Autocorrelation in traditional sampling

Hi gang.

Does autocorrelation come into play in traditional (I.e. full shift) sampling programs?

I feel logically that random selection of work days over a year would be preferable to successive day to day sampling crammed into a week.

Would love to hear your thoughts.

John P

Hello, I translated that book section I wrote in 2004 :slight_smile:

Extracted and translated from Lavoué, J.; Deadman, J.E. (2004) Quantitative Surveys in Occupational Health: Strategies for Exposure Assessment and Data Interpretation. In: Occupational Hygiene Manual - from diagnosis to control of risk factors (in French), pp. 391-437. B. Roberge; J.E. Deadman; M. Legris; L. Menard; M. Baril, Eds. Modulo-Griffon, Mont-Royal (QC)

3.8.1 Autocorrelation

Autocorrelation, or serial correlation, refers to the relationship that may exist between measurements taken close together in time. Thus, it is theoretically plausible that measurements taken one after the other correspond to relatively similar exposure conditions (e.g., production rate or climatic conditions). This implies that measurements taken in this way do not constitute an independent sample and therefore no longer meet the assumptions necessary for statistical inference. Francis et al. have clearly demonstrated by simulation that estimating parameters from correlated measurements leads to a bias in the mean and an underestimation of variability (Francis et al., 1989). Several field studies have also demonstrated the existence of such correlation between short-term measurements (between 5 and 30 min) within a day (Kumagai et al., 1993; Kumagai & Matsunaga, 1994; van der Woord et al., 1999). Depending on the author, measurements should be taken between 30 and 60 minutes apart to avoid the biases described above. In the case of eight-hour FEV1, the results of two studies do not suggest the presence of serial correlation between measurements taken from one day to the next (Francis et al., 1989; George et al., 1995). However, several authors have observed an increase in the estimated standard deviations for certain groups as the time difference between measurements increases, suggesting the presence of autocorrelation (Buringh & Lanting, 1991; Deadman et al., 1996; Symanski & Rappaport, 1994). These mixed results suggest that, whenever possible, a study should not be based exclusively on a measurement campaign consisting of consecutive days.

3.8.2 Stationarity
The notion of temporal correlation refers to the stationarity of the defined population. As we saw earlier, it is important to define the study population correctly if valid estimates are to be obtained. It is also important to ensure that the distribution under study is stationary, i.e. that it does not change over time, e.g. due to the installation of control devices. In this context, Symanski et al. recommend as a first approach to define the study population as the set of exposures experienced by a group of workers performing similar tasks over the course of a year (Symanski et al., 1996). Obviously, any significant change in exposure conditions must lead to a new study aimed at characterizing the new distribution corresponding to the population. In this context, Perkins, Mulhausen, and Damiano recommend the use of control charts to highlight systematic changes in exposure levels (Mulhausen & Diamano, 1998; Perkins, 1997).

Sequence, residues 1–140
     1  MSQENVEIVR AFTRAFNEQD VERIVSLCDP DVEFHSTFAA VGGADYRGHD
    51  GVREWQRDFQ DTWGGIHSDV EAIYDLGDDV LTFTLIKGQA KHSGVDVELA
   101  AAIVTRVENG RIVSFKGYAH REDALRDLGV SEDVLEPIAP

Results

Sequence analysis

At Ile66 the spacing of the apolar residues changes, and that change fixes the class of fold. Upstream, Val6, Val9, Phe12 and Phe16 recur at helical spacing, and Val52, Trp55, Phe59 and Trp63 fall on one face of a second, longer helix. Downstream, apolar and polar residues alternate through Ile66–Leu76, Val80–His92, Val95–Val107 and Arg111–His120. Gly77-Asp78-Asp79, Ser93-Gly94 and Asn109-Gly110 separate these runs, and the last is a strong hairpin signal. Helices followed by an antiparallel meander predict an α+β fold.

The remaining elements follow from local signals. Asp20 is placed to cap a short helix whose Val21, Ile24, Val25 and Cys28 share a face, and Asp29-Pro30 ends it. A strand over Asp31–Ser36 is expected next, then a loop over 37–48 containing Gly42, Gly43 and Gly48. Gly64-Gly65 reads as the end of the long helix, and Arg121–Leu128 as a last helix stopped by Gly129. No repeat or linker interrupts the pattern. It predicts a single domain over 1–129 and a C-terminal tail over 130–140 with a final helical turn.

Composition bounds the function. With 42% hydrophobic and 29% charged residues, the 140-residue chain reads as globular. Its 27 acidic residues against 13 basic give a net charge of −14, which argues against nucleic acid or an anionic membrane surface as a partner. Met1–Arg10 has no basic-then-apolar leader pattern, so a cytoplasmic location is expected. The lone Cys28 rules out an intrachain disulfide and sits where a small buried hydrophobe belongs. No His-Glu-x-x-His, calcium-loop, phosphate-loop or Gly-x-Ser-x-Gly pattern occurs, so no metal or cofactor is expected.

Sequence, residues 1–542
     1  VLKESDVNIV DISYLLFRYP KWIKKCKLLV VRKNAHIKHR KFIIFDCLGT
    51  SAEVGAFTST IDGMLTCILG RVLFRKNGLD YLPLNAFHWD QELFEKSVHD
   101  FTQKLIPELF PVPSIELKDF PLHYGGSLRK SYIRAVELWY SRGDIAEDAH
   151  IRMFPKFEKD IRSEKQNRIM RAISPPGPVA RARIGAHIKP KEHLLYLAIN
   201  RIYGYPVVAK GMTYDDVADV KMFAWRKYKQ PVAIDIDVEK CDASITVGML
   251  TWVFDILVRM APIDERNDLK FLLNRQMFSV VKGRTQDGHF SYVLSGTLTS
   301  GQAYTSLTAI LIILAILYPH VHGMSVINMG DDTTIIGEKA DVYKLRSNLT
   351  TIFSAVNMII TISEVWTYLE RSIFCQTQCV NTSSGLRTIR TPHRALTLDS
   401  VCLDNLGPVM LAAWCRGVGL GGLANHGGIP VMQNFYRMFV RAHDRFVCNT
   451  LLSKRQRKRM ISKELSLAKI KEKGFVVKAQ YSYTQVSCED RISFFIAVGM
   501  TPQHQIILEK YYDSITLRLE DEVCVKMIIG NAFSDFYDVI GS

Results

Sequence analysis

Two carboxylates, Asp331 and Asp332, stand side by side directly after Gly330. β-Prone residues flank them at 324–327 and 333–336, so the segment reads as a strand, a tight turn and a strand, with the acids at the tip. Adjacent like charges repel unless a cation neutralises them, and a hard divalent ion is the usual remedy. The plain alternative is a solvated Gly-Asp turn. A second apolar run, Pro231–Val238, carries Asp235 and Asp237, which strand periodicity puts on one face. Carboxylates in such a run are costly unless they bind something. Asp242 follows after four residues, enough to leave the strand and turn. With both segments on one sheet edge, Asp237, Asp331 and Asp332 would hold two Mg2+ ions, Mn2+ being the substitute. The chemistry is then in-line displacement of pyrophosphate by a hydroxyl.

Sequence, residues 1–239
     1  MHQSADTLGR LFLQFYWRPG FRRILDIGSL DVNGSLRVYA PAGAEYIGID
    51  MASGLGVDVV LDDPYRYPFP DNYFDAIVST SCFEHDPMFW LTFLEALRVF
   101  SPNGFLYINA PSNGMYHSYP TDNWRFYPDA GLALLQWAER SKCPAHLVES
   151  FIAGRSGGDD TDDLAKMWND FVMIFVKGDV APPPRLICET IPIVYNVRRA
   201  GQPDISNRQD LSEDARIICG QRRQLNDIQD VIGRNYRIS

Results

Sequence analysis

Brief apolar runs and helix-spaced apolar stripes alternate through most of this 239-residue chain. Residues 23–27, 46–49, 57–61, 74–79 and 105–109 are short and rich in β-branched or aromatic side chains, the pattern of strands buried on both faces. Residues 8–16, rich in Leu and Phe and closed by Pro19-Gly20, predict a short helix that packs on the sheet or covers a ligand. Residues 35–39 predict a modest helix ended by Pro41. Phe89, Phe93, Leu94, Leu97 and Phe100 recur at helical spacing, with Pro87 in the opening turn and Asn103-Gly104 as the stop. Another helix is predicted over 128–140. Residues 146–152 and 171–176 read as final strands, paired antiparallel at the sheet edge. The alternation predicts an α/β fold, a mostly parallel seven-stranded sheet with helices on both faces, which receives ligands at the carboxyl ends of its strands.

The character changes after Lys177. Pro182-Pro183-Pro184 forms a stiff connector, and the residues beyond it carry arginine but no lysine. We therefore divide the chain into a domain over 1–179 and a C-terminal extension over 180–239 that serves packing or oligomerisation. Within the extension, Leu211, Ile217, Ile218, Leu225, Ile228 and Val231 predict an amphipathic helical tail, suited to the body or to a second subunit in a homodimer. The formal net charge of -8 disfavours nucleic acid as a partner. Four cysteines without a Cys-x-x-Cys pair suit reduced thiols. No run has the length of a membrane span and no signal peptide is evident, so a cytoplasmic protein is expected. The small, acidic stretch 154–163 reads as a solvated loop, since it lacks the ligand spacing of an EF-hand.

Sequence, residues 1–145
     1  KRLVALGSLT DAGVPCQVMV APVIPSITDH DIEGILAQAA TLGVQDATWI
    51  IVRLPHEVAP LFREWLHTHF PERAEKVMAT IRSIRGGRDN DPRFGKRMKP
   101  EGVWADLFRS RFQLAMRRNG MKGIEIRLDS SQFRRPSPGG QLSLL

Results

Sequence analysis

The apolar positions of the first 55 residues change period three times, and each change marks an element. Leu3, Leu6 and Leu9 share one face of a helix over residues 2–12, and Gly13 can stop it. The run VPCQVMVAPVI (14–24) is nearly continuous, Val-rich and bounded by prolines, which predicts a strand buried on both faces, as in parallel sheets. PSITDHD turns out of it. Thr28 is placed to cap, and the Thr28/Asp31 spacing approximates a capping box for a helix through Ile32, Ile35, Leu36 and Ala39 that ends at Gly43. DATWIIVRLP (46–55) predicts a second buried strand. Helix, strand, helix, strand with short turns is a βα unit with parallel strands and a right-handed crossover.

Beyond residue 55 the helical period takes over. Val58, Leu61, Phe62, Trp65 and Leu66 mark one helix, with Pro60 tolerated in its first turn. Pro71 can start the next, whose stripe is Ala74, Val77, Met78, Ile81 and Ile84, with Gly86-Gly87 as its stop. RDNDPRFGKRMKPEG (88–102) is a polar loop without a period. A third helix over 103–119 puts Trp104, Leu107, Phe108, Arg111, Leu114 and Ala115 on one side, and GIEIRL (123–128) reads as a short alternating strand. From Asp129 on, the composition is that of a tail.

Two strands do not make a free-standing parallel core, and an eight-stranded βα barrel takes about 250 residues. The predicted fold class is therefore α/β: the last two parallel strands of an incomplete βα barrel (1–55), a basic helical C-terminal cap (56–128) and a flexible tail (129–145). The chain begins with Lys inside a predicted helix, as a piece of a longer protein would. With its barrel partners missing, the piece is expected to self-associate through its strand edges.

Buringh, E., & Lanting, R. (1991). Exposure variability in the workplace: Its implications for the assessment of compliance. American Industrial Hygiene Association Journal, 52(1), 6–13.

Deadman, J. E., Armstrong, B. G., & Thériault, G. P. (1996). Exposure to 60-Hz magnetic and electric fields at a Canadian electric utility. Scandinavian Journal of Work, Environment & Health, 22(6), 415–424.

Francis, M., Selvin, S., Spear, R., & Rappaport, S. M. (1989). The Effect of Autocorrelation on the Estimation of Workers’ Daily Exposures. American Industrial Hygiene Association Journal, 50(1), 37–43.

George, D. K., Flynn, M. R., & Harris, R. L. (1995). Autocorrelation of Interday Exposures at an Automobile Assembly Plant. American Industrial Hygiene Association Journal, 56(12), 1187–1194.

Kumagai, S., & Matsunaga, I. (1994). Approaches for Estimating the Distribution of Short-Term Exposure Concentrations for Different Averaging Times. Annals of Occupational Hygiene, 38(6), 815–825.

Kumagai, S., Matsunaga, I., & Kusaka, Y. (1993). Autocorrelation of Short -Term and Daily Average Exposure Levels in Workplace. American Industrial Hygiene Association Journal, 54(7), 341–350.

Mulhausen, J. R., & Diamano, J. (1998). A Strategy for Assessing and Managing Occupational Exposures: Vol. 2nd editio. AIHA Press.

Perkins, J. L. (1997). Modern Industrial Hygiene vol.1—Recognition and Evaluation of Chemical Agents. Van Nostrand Reinhold.

Symanski, E., Kupper, L. L., Kromhout, H., & Rappaport, S. M. (1996). An investigation of systematic changes in occupational exposure. American Industrial Hygiene Association Journal, 57(8), 724–735.

Symanski, E., & Rappaport, S. M. (1994). An investigation of the dependence of exposure variability on the interval between measurements. Annals of Occupational Hygiene, 38(4), 361–372.

van der Woord, M. P., Kromhout, H., Barregard, L., & Jonsson, P. (1999). Within-day variability of magnetic fields among electric utility workers: Consequences for measurement strategies. American Industrial Hygiene Association Journal , 61(1), 31–38.

Translated with DeepL Translate: The world's most accurate translator (free version)

1 Like

To add to the above, the French regulation, which, similar to EN689, requires up to 9 samples, also requires these samples to be separated into three sampling campaigns separated by months. Definitely an attempt at picking up the true exposure variability occuring within a year.

1 Like

Brilliant! Thank you for your response JĂ©rĂ´me!